The responsive approach being true to culture, religion, context allows us to decide who the actors are and where best and in what circumstances Braithwaite’s criteria will thrive in order to serve efficacy. The criteria thus must be employed under the circumstances delineated in Section 5; hence, for instance, the need to have created a particular atmosphere at the deterrence tier, the possibility of spiritual guidance and for restoration to take place on a separate island since connection with the addicts has been nearly impossible. A different location means a lesser possibility of relapse and a reduction in drug-related offences on the main islands, which in turn offers peace and tranquillity to the family members and the community at large. Most importantly, it allows for the creation of an environment which is needed for the restorative criteria to thrive.

      Under Braithwaite’s model, all persons presumed to be drug afflicted will go through a restoration process, which includes psychological interventions, as opposed to what is currently offered under APDAR. This will improve the chances of a successful weaning off the substance as the core issues for all concerned are being dealt with and resolved. The pyramid necessitates a number of actors who either work in conjunction with each other at each criterion or who respectively take over when one actor fails as each tier is exhausted. As such, there is a concerted effort to combat the plight and without dismissing the law. The burden to see the process until the final stages is thus shared among mental health professionals who provide mental healthcare, spiritual leaders, police officers who aptly recognize the targets and who set the tone for deterrence, the judiciary and the community. This makes the process more efficacious as the burden is shared. This combination and the use of various actors at each tier is a significant way to effectively execute government policies without the strict and direct regulator/regulatee relationship whereby the former would otherwise lord it over the latter.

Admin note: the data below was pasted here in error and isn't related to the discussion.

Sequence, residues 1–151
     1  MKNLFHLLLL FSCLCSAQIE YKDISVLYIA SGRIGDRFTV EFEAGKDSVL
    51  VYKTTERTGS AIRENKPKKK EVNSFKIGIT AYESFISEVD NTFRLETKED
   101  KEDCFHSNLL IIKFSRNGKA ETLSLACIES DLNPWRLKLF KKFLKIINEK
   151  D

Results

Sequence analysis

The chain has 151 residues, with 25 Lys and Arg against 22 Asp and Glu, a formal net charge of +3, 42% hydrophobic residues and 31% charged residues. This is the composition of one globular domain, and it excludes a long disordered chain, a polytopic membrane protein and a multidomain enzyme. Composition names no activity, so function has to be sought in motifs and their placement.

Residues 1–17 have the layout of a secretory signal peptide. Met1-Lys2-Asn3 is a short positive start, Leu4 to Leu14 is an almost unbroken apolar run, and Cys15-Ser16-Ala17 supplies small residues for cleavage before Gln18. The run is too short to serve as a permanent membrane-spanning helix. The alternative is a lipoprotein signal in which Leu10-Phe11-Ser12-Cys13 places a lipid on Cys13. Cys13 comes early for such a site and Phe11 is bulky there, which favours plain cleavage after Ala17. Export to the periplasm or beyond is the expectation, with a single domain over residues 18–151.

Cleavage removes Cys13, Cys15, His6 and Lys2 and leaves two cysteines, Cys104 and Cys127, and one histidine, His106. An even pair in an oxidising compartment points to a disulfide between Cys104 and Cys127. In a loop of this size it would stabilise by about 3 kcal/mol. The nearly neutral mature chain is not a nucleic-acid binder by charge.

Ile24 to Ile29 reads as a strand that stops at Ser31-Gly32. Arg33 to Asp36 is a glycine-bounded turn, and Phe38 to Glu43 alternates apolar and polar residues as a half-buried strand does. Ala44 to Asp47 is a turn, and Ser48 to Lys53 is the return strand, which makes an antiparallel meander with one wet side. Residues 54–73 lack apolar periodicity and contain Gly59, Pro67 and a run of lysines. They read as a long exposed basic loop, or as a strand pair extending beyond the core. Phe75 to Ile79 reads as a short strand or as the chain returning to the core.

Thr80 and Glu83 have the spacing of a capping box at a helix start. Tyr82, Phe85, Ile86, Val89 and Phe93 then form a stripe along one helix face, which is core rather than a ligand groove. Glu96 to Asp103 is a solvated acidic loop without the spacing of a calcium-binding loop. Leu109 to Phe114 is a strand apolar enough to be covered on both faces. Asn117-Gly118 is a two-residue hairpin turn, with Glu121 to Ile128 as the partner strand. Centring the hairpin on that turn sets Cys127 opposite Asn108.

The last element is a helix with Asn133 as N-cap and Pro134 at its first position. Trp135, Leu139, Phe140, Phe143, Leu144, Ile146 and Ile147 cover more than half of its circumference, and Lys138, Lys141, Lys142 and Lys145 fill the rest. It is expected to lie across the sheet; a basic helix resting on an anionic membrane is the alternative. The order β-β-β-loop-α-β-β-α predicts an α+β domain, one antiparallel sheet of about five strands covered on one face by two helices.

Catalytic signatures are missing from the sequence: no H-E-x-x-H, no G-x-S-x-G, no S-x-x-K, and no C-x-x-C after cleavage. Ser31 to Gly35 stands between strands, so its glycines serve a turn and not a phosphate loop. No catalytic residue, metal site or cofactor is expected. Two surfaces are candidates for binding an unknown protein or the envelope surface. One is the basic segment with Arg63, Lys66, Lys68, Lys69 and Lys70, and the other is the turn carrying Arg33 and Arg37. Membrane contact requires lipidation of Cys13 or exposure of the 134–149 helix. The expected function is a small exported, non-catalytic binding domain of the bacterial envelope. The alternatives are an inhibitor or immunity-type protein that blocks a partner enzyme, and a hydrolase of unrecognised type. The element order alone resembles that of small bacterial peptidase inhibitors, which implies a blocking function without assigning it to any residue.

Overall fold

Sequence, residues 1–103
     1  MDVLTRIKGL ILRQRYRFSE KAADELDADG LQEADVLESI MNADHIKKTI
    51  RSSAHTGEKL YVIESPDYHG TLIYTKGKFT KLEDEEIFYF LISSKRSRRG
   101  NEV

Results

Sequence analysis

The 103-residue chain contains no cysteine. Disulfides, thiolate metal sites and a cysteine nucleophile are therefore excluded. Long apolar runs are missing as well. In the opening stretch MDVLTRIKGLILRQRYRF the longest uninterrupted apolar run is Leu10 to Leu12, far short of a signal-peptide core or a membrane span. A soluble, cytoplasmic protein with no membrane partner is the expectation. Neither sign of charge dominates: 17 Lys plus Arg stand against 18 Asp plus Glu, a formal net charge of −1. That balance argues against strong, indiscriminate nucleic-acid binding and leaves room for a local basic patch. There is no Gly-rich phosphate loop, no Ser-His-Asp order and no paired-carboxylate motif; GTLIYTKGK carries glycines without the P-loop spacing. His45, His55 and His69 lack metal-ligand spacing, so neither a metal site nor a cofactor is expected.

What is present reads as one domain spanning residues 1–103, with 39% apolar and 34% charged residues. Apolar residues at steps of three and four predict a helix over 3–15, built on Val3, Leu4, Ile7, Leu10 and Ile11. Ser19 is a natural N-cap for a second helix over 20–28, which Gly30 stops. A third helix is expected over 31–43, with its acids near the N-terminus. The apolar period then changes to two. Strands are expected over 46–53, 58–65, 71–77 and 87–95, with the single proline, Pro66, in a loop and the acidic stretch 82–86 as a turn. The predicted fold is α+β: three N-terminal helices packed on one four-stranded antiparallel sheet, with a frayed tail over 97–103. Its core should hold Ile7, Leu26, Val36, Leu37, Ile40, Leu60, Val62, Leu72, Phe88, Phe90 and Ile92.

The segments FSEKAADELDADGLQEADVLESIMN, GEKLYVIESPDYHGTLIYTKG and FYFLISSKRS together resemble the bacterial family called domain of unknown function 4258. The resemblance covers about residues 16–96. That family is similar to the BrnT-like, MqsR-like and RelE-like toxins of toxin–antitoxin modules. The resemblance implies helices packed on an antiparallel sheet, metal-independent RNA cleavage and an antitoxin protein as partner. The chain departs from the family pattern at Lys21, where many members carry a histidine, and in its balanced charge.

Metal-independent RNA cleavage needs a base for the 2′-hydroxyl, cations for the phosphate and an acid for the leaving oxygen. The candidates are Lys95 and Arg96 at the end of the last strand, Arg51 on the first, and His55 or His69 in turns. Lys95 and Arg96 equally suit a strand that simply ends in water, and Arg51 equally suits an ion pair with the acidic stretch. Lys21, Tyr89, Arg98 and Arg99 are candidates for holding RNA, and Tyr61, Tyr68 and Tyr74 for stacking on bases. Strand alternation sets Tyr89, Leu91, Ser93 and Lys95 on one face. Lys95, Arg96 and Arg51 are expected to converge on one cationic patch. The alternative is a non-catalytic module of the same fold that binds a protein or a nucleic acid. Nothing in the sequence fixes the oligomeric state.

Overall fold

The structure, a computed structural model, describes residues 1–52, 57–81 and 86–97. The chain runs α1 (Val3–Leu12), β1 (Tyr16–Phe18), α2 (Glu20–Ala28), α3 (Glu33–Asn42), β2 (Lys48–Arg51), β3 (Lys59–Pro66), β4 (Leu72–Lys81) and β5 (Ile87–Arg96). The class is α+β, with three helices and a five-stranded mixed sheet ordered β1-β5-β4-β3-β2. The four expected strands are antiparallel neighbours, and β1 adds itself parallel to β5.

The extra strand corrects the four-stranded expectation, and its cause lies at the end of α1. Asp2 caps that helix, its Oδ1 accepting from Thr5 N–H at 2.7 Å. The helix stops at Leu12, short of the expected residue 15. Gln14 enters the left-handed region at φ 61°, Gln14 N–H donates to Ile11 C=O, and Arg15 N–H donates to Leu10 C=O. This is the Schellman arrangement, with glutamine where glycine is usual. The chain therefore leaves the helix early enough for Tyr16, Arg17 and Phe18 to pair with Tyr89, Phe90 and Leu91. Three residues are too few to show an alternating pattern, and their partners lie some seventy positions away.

A rehabilitation project on the scale that this article proposes is almost certainly promised as both the government and the public have shown a keen interest in the contribution towards the abating of drug consumption. Having various actors commit to assisting financially has the practical result of increasing the likelihood of the project taking off as there is a need to ensure that finances are being used for the purpose for which they have been provided.

      The government must be advised of the utmost importance of ensuring practicality – that the right environment is created, the apt actors are on board and there is no repetition in the new proposal of the miscalculations and deficiencies demonstrated in the previous and current efforts, which in some vague and less favourable fashion resemble certain aspects of Braithwaite’s approach, but which have proven rather unmethodological, without the government having an understanding of the importance of escalating efforts, emphasis on different actors, context, culture, and which as a result, have led to failure. It is for the drafter, with an understanding that efficacious regulation for the curtailment of drug use far transcends legislation, to encourage the government to adopt this approach whenever a proposal concerning the issue at hand is warranted.